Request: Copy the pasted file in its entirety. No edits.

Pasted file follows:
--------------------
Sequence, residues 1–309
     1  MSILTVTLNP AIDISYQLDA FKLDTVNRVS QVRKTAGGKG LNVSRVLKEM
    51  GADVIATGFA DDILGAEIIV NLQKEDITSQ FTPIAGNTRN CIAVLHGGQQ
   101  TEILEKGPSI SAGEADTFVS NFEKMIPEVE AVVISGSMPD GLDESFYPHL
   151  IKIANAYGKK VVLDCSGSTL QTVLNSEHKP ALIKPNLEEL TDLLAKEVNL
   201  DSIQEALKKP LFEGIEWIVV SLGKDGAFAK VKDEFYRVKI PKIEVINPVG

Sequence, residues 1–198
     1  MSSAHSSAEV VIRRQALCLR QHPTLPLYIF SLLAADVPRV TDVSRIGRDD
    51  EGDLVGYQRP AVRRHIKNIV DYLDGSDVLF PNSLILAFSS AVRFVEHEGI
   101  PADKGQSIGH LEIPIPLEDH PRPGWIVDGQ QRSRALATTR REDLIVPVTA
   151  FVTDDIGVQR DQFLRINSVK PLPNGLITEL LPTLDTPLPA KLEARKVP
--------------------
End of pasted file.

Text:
Sequence, residues 1–309
     1  MSILTVTLNP AIDISYQLDA FKLDTVNRVS QVRKTAGGKG LNVSRVLKEM
    51  GADVIATGFA DDILGAEIIV NLQKEDITSQ FTPIAGNTRN CIAVLHGGQQ
   101  TEILEKGPSI SAGEADTFVS NFEKMIPEVE AVVISGSMPD GLDESFYPHL
   151  IKIANAYGKK VVLDCSGSTL QTVLNSEHKP ALIKPNLEEL TDLLAKEVNL
   201  DSIQEALKKP LFEGIEWIVV SLGKDGAFAK VKDEFYRVKI PKIEVINPVG

Sequence, residues 1–198
     1  MSSAHSSAEV VIRRQALCLR QHPTLPLYIF SLLAADVPRV TDVSRIGRDD
    51  EGDLVGYQRP AVRRHIKNIV DYLDGSDVLF PNSLILAFSS AVRFVEHEGI
   101  PADKGQSIGH LEIPIPLEDH PRPGWIVDGQ QRSRALATTR REDLIVPVTA
   151  FVTDDIGVQR DQFLRINSVK PLPNGLITEL LPTLDTPLPA KLEARKVP